There are no reporting requirements for a flyaway - that's only required for injury or damage as defined in 14 CFR 107.9.
Aside from that, if you suspect that an out-of-control UAV might endanger other aircraft then you could call the nearest ATC facility and advise them of its last known position and direction of travel.
It's up to the RPIC to know all of the regs. I'm not trying to be "right" here. I'm just stating the facts.
Operators must consider that the rest of the reporting requirements for serious incidents listed in section 830.5 apply regardless of UAS airworthiness certification. Listed serious incidents that apply to all UAS include the following events:
• Flight control system malfunction or failure: For an uncrewed aircraft, a true “fly-away” would qualify
. A lost link that behaves as expected does not qualify.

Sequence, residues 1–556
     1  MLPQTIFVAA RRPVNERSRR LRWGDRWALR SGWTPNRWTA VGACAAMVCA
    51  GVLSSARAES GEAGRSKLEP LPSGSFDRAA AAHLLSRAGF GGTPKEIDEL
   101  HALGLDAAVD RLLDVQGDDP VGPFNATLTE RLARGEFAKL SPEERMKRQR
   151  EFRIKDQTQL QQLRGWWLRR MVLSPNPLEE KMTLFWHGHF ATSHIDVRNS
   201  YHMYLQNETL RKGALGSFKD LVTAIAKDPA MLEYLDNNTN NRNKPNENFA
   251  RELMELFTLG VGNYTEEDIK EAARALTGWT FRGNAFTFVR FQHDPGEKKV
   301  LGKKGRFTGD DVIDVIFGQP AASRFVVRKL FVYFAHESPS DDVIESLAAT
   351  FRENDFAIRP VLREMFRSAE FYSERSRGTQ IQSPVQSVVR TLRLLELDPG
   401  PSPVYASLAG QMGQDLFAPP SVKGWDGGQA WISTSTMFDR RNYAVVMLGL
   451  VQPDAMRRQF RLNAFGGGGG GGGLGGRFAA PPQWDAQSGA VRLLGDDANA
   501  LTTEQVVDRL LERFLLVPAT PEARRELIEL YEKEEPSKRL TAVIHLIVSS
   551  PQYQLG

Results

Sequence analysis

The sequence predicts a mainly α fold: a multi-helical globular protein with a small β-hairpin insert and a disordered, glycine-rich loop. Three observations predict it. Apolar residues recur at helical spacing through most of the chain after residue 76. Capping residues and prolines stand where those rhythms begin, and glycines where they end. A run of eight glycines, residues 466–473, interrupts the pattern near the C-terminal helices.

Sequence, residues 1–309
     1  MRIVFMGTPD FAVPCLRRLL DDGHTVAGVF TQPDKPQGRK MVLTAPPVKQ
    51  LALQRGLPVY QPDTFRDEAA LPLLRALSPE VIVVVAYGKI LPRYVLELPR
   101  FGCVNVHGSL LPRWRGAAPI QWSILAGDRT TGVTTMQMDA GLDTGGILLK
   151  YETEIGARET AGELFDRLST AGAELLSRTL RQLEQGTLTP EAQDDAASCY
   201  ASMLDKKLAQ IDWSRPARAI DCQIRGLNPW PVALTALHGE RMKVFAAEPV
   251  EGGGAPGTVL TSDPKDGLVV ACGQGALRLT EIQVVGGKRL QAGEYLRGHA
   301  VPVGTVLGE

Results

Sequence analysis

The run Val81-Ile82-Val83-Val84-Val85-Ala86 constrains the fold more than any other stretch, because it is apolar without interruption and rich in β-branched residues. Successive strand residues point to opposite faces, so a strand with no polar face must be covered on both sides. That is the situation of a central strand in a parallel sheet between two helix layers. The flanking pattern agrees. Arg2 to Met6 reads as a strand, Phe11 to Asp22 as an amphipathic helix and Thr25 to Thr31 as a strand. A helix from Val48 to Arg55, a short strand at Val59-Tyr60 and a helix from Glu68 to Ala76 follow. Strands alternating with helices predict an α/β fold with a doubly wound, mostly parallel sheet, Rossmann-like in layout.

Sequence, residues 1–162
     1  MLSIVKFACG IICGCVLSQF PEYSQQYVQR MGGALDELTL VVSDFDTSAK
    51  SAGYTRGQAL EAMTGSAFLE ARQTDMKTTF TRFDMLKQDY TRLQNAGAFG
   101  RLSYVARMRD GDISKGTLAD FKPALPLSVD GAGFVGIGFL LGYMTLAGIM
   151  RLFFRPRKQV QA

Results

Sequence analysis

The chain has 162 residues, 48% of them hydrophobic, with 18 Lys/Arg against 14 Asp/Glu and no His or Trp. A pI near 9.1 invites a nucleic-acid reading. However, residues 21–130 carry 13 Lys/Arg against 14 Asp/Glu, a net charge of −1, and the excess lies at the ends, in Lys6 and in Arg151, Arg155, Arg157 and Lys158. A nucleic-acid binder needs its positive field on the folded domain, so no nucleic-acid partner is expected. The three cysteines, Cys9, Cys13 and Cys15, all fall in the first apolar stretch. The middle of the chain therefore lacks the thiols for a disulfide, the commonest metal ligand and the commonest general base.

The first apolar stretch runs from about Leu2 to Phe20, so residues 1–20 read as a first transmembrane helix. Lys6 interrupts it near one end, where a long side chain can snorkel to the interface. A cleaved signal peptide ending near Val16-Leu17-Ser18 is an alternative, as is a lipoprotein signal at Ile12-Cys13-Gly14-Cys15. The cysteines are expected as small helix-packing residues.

And let's say "professionalism" (i.e., knowing and following rules) doesn't really do it for you. Then consider that there is a nice drone out there somewhere with your registration number clearly visible on it.
Someone finds it and reports that they found it. The FAA gets word that you've lost your drone and they want to return it to you. When they call you, they ask what happened. You say, "Oh, it was just a fly away and nobody was harmed." Well, how do you know? You didn't even know where your drone was.
Now, imagine that you told them, "Well, I informed the NTSB and they decided no investigation was necessary."
I only know which scenario I would choose. To each their own.